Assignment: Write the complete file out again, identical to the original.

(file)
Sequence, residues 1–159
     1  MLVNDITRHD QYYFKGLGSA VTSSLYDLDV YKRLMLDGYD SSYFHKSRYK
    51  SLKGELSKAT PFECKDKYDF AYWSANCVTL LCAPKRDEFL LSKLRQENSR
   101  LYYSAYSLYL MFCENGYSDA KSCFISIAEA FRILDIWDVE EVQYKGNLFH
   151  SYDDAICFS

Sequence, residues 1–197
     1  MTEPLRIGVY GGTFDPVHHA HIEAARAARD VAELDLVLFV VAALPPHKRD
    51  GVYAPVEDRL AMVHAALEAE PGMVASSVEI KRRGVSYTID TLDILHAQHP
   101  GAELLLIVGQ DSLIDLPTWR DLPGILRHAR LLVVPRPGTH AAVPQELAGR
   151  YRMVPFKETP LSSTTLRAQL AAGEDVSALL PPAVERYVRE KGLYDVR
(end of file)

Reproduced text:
Sequence, residues 1–159
     1  MLVNDITRHD QYYFKGLGSA VTSSLYDLDV YKRLMLDGYD SSYFHKSRYK
    51  SLKGELSKAT PFECKDKYDF AYWSANCVTL LCAPKRDEFL LSKLRQENSR
   101  LYYSAYSLYL MFCENGYSDA KSCFISIAEA FRILDIWDVE EVQYKGNLFH
   151  SYDDAICFS

Sequence, residues 1–197
     1  MTEPLRIGVY GGTFDPVHHA HIEAARAARD VAELDLVLFV VAALPPHKRD
    51  GVYAPVEDRL AMVHAALEAE PGMVASSVEI KRRGVSYTID TLDILHAQHP
   101  GAELLLIVGQ DSLIDLPTWR DLPGILRHAR LLVVPRPGTH AAVPQELAGR
   151  YRMVPFKETP LSSTTLRAQL AAGEDVSALL PPAVERYVRE KGLYDVR